What does it really take to succeed?

For most of my writing life, I assumed that if I was a strong writer, with a good story to tell, or good information to convey, and I was tenacious about getting published, I would be successful. (“Successful” meaning able to write for a living – at least in this case.) As I grew more knowledgeable about the odds of making a living as a writer, I realized that it was far more likely I’d need a “real” job to pay the bills, and write when time allowed. (For me that tends to be in the wee hours of the night.)  

I was able to get some articles published in various magazines then ended up publishing my first book. I couldn’t have been happier, and somewhere in the back of my mind I thought this might be the start of a real career. The book sold…okay. About 10,000 copies or so. I was able to get a second book published. I thought this one would really take off, but it ended up selling less, even though reviews for the book were generally quite good. Then I published a third book – an anthology of classic Writer’s Digest articles by such authors as Jack Kerouac, Ken Kesey, H.G. Wells, Edgar Rice Burroughs, and dozens more. It was my favorite book of the bunch (and in some ways helped me secure the WD publisher role years later), but it sold even fewer copies than the last one.

Talk about discouraging. But I had made the classic error of being a writer fortunate enough to get published, but unwilling to put serious effort into promoting myself or my books. I relied on the publisher to do everything. And though they did quite a bit, a publisher’s efforts are temporary at best. I was, admittedly, a poor partner in those promotional efforts. I believed then, as many writers still do today, that “if you write it, they will come,” to paraphrase a well known film.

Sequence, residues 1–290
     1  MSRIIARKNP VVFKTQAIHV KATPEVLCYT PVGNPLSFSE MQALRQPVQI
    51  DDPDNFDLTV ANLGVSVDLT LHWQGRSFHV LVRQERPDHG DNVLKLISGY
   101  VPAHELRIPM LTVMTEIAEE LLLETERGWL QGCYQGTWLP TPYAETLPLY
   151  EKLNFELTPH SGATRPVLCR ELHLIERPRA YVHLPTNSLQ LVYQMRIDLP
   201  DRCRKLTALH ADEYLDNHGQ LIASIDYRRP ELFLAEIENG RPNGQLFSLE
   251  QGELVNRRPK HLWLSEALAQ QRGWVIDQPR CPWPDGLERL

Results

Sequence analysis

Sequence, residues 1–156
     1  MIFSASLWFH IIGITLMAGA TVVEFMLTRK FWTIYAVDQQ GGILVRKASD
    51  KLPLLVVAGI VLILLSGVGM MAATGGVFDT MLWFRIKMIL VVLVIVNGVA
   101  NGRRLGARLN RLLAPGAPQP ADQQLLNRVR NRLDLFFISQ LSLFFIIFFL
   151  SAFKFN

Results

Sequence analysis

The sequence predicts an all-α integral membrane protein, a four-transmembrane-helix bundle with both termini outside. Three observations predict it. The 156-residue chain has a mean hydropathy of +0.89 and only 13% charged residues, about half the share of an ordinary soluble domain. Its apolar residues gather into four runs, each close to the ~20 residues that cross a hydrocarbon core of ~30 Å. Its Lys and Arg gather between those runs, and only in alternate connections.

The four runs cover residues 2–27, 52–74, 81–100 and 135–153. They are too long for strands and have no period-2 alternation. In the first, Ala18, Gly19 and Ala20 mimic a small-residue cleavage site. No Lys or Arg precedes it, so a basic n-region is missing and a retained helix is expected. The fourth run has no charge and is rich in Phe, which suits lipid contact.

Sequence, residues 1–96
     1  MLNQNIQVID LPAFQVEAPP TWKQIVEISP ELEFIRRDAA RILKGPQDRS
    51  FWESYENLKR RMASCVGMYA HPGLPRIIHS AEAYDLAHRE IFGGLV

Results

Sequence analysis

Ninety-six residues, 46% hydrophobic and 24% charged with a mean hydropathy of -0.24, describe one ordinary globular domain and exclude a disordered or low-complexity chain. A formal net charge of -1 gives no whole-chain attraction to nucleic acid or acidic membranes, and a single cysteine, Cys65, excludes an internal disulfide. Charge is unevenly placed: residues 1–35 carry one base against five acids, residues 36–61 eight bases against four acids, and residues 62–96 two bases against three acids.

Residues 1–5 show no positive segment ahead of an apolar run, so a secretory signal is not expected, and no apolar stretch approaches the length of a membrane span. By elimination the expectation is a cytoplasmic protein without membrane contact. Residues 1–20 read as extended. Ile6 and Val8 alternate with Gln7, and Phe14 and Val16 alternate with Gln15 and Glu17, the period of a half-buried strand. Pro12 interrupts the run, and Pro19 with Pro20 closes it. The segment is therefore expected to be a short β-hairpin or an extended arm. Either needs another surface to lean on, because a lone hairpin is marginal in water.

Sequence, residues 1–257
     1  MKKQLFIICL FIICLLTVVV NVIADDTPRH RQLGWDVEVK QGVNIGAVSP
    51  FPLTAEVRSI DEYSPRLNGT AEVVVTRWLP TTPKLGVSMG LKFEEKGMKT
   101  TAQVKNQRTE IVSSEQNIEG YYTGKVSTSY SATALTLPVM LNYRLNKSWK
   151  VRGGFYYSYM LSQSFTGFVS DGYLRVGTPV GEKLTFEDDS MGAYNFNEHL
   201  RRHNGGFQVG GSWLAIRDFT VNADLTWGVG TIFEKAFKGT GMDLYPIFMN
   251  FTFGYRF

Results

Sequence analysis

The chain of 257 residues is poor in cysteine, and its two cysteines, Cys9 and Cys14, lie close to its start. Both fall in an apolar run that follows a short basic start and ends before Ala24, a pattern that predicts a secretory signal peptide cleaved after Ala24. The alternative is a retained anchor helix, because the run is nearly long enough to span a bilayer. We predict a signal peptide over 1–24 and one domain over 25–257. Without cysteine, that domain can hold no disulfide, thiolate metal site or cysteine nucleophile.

Part of it was due to the effort required. Part of it was due to my personality. I am not given to showmanship or self-promotion. I had no interest in creating a platform. It makes me uncomfortable and, frankly, I’m rather shy. But now, in the era of social media, e-books, and self publishing, writers have no choice but to build a platform and start promoting their work – not if they want their books to sell.

So what does one do when the rules change and you’re required to take on a role you’re neither accustomed to nor comfortable with? Does the act of promoting your work diminish your standing as a writer? Or is that a literary stereotype that no longer exists?

We’ve been trying to come up with a marketing “kit“, of sorts, for those folks who either don’t enjoy marketing, aren’t sure how to build a platform, or simply want to get better at doing both. To that end, we’ve hand-picked a number of fantastic products, commissioned a few new ones just for the kit, packaged them all together, and then cut the price down by nearly 80% to provide an extraordinary value. The kit includes the following:

  • Build Your Author Platform (Independent Study Workshop): Created exclusively for Writer’s Digest by author platform maven and writing coach Christina Katz, the Build Your Author Platform self-study course is an invaluable guide to making yourself a writer worth noticing. Learn how to establish and, more importantly, sustain an engaging and dynamic presence among your fellow writers; develop a devoted following of readers; identify and capitalize on your unique areas of expertise; and more. With this exclusive course, you’ll be able to make yourself — and your work — stand out.